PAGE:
In the Clinic provides overviews of novel oncology agents, addressing indications, mechanisms, administration recommendations, safety profiles, and other essential information needed for the appropriate clinical use of these drugs.
The oral kinase inhibitor vandetanib (Caprelsa) was recently approved for treatment of symptomatic or progressive unresectable locally advanced or metastatic medullary thyroid cancer. The use of vandetanib in patients with indolent, asymptomatic, or slowly progressing disease should be carefully considered due to the treatment-related risks of the drug (see Safety Profile, below).
Approval of vandetanib was based on a randomized trial comparing vandetanib at 300 mg/d (n = 231) vs placebo (n = 100) in 331 patients with unresectable locally advanced or metastatic medullary thyroid carcinoma. Median progression-free survival, the primary endpoint of the trial, was significantly prolonged with vandetanib, with risk of progression reduced by 65% (HR = 0.35, P < .0001). Median progression-free survival was not reached in the vandetanib group vs 16.4 months in the placebo group. Subgroup analysis showed similar increases in progression-free survival with vandetanib in symptomatic patients (HR = 0.31, 95% CI = 0.19–0.53) and in patients with progression within the 6 months preceding study entry (HR = 0.41, 95% CI = 0.25–0.66).
At the time of progression-free survival analysis, 15% of patients had died and there was no difference between groups in overall survival. Overall response rates were 44% with vandetanib and 1% with placebo (all partial responses).
How It Works
Vandetanib is a multikinase inhibitor that selectively targets RET (rearranged during transfection), vascular endothelial growth factor receptor (VEGFR), and epidermal growth factor receptor (EGFR) signaling. Both RET and VEGFR are rational targets in medullary thyroid cancer. Mutations in RET, which are found in virtually all patients with hereditary medullary thyroid cancer and approximately half of sporadic cases, result in constitutive activity of kinase function and activation of downstream pathways that induce neoplastic transformation of parafollicular C cells in the thyroid. Increased expression of the proangiogenic factor VEGF is characteristic of thyroid tumors and is associated with increased tumor growth and invasiveness.
How It Is Given
The recommended daily dose of vandetanib is 300 mg orally. Vandetanib may be taken with or without food. The starting dose should be reduced to 200 mg in patients with moderate (creatinine clearance ≥ 30 to < 50 mL/min) and severe (creatinine clearance < 30 mL/min) renal impairment. Dose reduction may be necessary for severe toxicities or QTc interval prolongation.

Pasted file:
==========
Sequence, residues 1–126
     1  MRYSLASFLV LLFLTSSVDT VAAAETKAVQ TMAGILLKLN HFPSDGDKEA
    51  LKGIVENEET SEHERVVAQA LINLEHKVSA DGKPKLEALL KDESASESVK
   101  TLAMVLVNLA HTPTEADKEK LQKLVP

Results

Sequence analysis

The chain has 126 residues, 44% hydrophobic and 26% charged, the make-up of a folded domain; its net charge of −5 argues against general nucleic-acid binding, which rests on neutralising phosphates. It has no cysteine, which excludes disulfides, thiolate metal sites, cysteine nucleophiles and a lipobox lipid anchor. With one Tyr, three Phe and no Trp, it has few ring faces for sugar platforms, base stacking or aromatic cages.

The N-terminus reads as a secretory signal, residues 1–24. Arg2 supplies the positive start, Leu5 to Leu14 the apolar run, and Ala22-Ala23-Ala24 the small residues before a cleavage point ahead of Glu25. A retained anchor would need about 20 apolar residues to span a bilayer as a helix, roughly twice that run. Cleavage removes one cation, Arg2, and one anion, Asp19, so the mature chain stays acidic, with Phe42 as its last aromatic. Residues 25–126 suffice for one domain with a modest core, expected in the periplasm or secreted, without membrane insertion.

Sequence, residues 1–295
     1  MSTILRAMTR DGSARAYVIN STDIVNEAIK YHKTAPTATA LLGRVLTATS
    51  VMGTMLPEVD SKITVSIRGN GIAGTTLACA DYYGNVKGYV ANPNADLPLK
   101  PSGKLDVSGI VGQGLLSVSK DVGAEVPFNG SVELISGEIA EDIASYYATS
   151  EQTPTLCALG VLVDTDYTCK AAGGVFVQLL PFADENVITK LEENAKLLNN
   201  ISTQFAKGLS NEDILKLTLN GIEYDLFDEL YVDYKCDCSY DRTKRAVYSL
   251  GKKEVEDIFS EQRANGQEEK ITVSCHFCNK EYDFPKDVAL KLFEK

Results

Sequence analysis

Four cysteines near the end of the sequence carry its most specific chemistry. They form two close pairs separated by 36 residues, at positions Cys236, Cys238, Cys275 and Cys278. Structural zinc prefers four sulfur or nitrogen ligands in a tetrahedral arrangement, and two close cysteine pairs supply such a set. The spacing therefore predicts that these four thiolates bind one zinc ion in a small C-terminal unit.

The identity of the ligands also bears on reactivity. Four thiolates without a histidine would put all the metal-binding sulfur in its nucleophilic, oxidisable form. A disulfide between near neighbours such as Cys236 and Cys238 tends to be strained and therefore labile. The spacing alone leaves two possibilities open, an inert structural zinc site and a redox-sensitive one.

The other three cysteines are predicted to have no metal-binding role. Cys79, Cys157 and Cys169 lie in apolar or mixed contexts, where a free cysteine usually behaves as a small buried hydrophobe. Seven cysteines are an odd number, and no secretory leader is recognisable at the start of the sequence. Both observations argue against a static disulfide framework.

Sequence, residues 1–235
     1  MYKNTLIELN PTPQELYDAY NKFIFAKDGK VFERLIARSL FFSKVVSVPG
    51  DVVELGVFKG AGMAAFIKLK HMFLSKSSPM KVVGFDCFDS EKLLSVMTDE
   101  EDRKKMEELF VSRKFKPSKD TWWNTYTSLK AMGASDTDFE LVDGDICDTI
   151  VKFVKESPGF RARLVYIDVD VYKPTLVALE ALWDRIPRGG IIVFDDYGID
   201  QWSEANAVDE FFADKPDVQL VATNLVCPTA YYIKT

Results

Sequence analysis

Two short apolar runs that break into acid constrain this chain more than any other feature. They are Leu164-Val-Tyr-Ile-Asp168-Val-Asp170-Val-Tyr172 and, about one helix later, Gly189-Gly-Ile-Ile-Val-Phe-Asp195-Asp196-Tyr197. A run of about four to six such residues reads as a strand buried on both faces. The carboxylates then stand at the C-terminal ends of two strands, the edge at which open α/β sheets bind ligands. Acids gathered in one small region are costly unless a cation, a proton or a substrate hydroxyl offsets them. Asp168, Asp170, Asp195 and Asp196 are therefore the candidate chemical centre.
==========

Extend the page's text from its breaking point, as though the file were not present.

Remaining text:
Only prescribers and pharmacies certified through the Vandetanib Risk Evaluation Mitigation Strategy Program, a restricted distribution program, are able to prescribe and dispense vandetanib.
Vandetanib carries a boxed warning for QT prolongation, torsades de pointes, and sudden death. Given the prolonged half-life of vandetanib (19 days), ECGs and levels of serum potassium, calcium, magnesium, and thyroid-stimulating hormone should be obtained at baseline, at 2 to 4 weeks and 8 to 12 weeks after starting treatment, and every 3 months thereafter. Electrolytes and ECGs may require more frequent monitoring in patients experiencing diarrhea.
In the trial supporting vandetanib approval, the most common (≥ 20%) adverse reactions in vandetanib patients were diarrhea/colitis, rash, acneiform dermatitis, nausea, hypertension, headache, fatigue, decreased appetite, and abdominal pain. Laboratory abnormalities in more than 20% of patients included decreased calcium, increased ALT, and decreased glucose. The most common (≥ 5%) grade 3 or 4 adverse reactions were diarrhea/colitis, hypertension and hypertensive crisis, QT prolongation, fatigue, and rash.
Adverse reactions resulting in death in patients receiving vandetanib (n = 5) were respiratory failure, respiratory arrest, aspiration pneumonia, cardiac failure with arrhythmia, and sepsis. In addition, two deaths in patients receiving vandetanib (one sudden death and one death from cardiopulmonary arrest) were observed after the data cutoff.
Vandetanib is estimated to cost $198 per 100-mg tablet, which at a daily dose of 300 mg equals $17,820 for a 30-day supply. ■
CAPRELSA® (vandetanib) tablets prescribing information. AstraZeneca Pharmaceuticals LP, June 2011. Available at http://www1.astrazeneca-us.com/pi/caprelsa.pdf. Accessed December 14, 2011.
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Deshpande H, Roman S, Thumar J, et al: Vandetanib (ZD6474) in the treatment of medullary thyroid cancer. Clin Med Insights Oncol 5:213-221, 2011.
U.S. Food and Drug Administration: What’s New from the Office of Hematology Oncology Products: Vandetanib. Available at http://www.fda.gov/AboutFDA/CentersOffices/OfficeofMedicalProductsandTobacco/CDER/ucm250347.htm. Accessed December 14, 2011.
Wells SA Jr, Gosnell JE, Gagel RF, et al: Vandetanib for the treatment of patients with locally advanced or metastatic hereditary medullary thyroid cancer. J Clin Oncol 28:767-772, 2010.